After providing all the funding for The Brain from Top to Bottom for over 10 years, the CIHR Institute of Neurosciences, Mental Health and Addiction informed us that because of budget cuts, they were going to be forced to stop sponsoring us as of March 31st, 2013.

We have approached a number of organizations, all of which have recognized the value of our work. But we have not managed to find the funding we need. We must therefore ask our readers for donations so that we can continue updating and adding new content to The Brain from Top to Bottom web site and blog.

Please, rest assured that we are doing our utmost to continue our mission of providing the general public with the best possible information about the brain and neuroscience in the original spirit of the Internet: the desire to share information free of charge and with no adverstising.

Whether your support is moral, financial, or both, thank you from the bottom of our hearts!

Bruno Dubuc, Patrick Robert, Denis Paquet, and Al Daigen

Tuesday, 12 March 2024
How “awe” contributes to our well-being

In November 2023, many music fans in Quebec and elsewhere were saddened to hear that Karl Tremblay, lead singer of the folk-rock group Cowboys Fringants, had died of prostate cancer at age 47. Many of his fans remembered the moments of magic that they had experienced at the group’s concerts—the feelings of true oneness that only music can provide. People often have similar, fleeting experiences of wonder when out in nature—for example, beholding a beautiful sunset, or a sky full of stars or the view from the top of a mountain—or with the help of magic mushrooms or other psychedelic substances. The term “awe” is often used quite aptly to refer to these experiences when we feel part of something greater than ourselves, with a mixture of admiration and amazement, along with some fear, reverence and respect.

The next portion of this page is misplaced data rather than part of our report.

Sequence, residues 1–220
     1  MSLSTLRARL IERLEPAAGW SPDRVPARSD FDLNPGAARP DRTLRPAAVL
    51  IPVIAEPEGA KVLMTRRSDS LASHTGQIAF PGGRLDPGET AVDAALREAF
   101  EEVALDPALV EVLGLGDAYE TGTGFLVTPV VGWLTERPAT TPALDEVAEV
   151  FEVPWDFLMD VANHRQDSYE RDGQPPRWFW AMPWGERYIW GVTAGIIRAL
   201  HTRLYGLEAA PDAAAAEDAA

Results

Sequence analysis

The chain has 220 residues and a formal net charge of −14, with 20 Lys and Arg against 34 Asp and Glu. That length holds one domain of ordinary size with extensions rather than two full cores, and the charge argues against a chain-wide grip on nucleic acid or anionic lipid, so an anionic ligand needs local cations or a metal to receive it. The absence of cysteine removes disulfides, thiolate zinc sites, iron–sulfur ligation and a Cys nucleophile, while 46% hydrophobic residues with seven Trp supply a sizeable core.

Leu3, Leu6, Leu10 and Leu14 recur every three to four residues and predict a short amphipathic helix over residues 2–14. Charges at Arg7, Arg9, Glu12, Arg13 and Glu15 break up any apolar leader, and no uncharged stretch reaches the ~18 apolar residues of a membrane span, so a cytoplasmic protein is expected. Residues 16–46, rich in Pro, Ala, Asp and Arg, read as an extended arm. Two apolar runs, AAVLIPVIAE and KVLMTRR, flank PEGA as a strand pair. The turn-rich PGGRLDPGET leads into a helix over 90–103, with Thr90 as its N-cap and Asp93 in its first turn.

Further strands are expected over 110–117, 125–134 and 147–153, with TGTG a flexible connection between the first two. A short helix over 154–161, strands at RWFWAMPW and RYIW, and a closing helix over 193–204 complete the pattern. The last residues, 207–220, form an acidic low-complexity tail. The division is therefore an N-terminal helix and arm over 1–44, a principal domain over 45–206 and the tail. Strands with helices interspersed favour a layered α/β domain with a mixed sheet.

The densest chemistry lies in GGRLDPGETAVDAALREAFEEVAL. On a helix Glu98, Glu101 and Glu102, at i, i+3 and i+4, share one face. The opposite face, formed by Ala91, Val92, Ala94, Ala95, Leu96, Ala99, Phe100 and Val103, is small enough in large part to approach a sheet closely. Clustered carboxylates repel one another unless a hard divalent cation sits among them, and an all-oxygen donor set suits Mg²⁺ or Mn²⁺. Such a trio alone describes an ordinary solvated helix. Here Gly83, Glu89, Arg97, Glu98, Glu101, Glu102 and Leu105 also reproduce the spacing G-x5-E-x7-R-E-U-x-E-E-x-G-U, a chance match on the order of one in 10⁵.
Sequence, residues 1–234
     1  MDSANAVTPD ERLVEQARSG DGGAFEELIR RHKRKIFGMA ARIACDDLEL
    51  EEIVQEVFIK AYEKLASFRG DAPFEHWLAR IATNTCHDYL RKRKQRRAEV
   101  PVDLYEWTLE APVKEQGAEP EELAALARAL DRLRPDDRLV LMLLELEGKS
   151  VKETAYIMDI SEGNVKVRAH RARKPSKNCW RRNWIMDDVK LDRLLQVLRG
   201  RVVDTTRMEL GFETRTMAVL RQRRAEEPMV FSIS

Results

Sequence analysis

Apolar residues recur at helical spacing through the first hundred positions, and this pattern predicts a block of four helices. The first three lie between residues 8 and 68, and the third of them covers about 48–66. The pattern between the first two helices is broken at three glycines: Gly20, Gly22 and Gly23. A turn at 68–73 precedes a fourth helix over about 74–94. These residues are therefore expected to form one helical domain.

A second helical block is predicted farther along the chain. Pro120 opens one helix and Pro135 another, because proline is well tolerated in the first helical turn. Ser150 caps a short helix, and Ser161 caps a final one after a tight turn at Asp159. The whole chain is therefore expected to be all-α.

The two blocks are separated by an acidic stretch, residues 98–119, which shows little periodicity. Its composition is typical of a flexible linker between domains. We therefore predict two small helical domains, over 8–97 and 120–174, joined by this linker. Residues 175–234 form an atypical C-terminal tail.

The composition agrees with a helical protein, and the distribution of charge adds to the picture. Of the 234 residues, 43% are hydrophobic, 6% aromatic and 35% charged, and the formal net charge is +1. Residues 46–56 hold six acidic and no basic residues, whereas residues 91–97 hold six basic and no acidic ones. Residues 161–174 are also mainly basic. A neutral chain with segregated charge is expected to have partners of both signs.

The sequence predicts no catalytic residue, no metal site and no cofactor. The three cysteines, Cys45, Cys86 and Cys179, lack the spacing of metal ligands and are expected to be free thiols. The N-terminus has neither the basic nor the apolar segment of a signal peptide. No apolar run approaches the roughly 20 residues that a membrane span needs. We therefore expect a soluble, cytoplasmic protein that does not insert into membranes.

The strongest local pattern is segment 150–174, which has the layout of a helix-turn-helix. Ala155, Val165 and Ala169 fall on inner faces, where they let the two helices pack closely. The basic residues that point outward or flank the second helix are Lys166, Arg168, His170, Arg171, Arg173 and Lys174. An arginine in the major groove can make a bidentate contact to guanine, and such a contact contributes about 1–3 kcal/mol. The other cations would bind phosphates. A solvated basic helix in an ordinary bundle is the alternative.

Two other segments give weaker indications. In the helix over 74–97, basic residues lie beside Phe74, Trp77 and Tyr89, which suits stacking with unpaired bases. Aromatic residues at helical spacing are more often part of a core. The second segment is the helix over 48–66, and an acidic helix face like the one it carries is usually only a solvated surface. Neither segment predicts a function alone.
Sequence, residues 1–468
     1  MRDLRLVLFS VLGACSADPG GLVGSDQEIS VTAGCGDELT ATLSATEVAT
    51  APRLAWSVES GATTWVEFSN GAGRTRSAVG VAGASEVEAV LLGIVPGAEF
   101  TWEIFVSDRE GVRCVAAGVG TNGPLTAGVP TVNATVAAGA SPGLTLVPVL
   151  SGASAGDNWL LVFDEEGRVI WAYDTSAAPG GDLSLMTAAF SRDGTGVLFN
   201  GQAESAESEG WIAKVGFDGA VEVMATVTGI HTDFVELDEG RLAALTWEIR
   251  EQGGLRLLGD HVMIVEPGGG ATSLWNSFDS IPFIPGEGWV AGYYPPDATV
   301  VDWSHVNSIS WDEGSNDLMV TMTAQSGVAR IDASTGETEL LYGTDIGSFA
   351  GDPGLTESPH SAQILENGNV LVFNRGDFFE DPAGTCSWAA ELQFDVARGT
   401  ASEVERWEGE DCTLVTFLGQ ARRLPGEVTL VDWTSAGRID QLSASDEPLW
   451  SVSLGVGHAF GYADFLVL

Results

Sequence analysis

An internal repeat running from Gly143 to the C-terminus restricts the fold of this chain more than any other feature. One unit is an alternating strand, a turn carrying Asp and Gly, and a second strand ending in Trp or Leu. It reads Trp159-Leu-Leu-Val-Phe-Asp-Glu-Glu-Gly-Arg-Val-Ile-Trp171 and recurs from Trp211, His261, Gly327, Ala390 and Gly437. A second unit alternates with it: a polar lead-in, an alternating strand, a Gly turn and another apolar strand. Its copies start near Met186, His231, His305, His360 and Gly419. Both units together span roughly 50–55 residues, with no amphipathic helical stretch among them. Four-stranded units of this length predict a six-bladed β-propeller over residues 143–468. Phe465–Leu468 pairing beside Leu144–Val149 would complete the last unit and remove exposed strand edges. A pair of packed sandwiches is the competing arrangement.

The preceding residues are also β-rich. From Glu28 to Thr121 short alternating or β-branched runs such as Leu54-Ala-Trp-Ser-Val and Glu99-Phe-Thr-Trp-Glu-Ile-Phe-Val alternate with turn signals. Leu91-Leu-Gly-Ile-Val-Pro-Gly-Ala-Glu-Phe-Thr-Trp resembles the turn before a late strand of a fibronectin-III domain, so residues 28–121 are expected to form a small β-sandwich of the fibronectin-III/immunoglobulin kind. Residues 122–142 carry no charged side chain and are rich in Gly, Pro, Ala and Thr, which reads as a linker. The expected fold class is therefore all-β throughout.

How do these experiences of awe arise in us, and how do they contribute to our mental and physical well-being? Those are precisely the questions addressed in an article entitled “Awe as a Pathway to Mental and Physical Health ”, published in Perspectives on Psychological Science in August 2022. The authors identify five processes that contribute to such experiences: neurophysiological changes (such as reduced arousal of the sympathetic nervous system, increased release of the hormone ocytocin, and reduced inflammation), a diminished focus on the self, an increase in prosocial interactions (such as cooperation and sharing), a greater sense of being integrated into strong social networks, and a feeling that our lives make more sense because of our enhanced ability to perceive connections.

The authors propose that these processes be studied in order to better understand how these experiences can be highly beneficial to our body and brain, which form an inextricably linked whole — a subject that I discuss at some length in the book that I’m working on now.


The Emergence of Consciousness | Comments Closed

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